The so-called "recruiting experts" who run sites like Rivals and Scout are in it for the money. They know that they can sell more magazines and "insider" internet subscriptions if they say favorable things about, and assign more "stars" to, recruits committing to big-time schools with large fanbases. This comes at the expense of players who commit to lower-profile schools with smaller fanbases that aren't as likely to buy as many subscriptions. Additionally, some of these "experts" also have loyalties, for example to their own alma mater and/or their alma mater's conference, that cloud their objectivity.

There's also the fact that, even if these "recruting gurus" endeavor to see as many players at high school games during the fall as they can, even if they spend all their waking hours watching game films, and even if they collect reports from a network of "scouts" following high school football around the county, there's simply no way they can make an accurate assessment of the talent and abilities of each of the thousands of high school football players around the country that appear to have collegiate potential. So they're left to make assumptions of a kid's athletic worth by considering secondary factors such as what colleges a player had offers from - the more scholarship offers from "big-time" BCS-AQ schools, the better that player is perceived to be.

Compare this process to the one the NFL undertakes for players with professional potential to prior to the league's draft. At pre-draft combines coaches and scouts from various teams get to measure these young men from head to toe and put them through a variety of physical and mental tests. And even these highly-paid, highly-skilled NFL experts can't get it right all the time. Highly-touted first-round draft picks wash out of the NFL. Undrafted free agents go to the Pro Bowl.

With that in mind, are we really supposed to believe that a bunch of college recruiting "experts," who have much less direct contact which a much larger pool of players, are supposed to provide authoritarian analysis about, and an objective ranking of, kids coming out of high school?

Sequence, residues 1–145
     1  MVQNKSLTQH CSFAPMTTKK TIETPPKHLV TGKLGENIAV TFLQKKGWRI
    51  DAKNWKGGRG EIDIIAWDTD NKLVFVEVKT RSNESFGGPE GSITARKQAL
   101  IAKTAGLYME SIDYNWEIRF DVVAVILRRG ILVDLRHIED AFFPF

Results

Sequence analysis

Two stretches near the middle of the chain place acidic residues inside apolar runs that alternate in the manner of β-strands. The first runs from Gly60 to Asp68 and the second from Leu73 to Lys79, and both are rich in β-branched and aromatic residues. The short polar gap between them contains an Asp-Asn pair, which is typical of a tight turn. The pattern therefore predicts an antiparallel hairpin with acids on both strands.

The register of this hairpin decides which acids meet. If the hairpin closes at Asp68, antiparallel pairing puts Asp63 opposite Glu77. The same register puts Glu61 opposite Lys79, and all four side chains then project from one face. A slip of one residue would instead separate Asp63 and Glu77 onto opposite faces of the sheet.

This isn't to say that recruiting isn't important: bringing in good talent is crucial to a football program's success. But the recruiting rating and rankings process is cynical and inaccurate and is not worth the attention it receives. Here's a "Case" in point: the recruiting "experts" said this guy was a lowly two-star player coming out of high school.

Dustin provides his assessment of Houston's incoming recruiting class. Travis Stewart of also writes a thorough analysis of the Cougar's Signing Day haul, reminding his readers to "consume recruiting info with caution."

Speaking of recruiting: by now a lot of people are familiar with the story of C. J. Johnson, a top Mississippi high school football player, who quit Facebook after receiving a lot of hateful messages* on the social networking site after changing his commitment from Mississippi State to Ole Miss.

Adult college football fans who "friend" high school players on Facebook are really creepy and are also probably violating NCAA rules regarding contacting recruits. But these teenagers should also know better. Adjust your privacy settings, don't accept friend requests from strangers and don't use your Facebook page for glory-seeking purposes, lest you get the same nasty results C. J. Johnson got.

(* Best part of the article: "I realize all the good Facebook has done for the world. Thanks to you, I know exactly which of the girls who ignored me in high school grew up to marry dumpy losers." So very true...)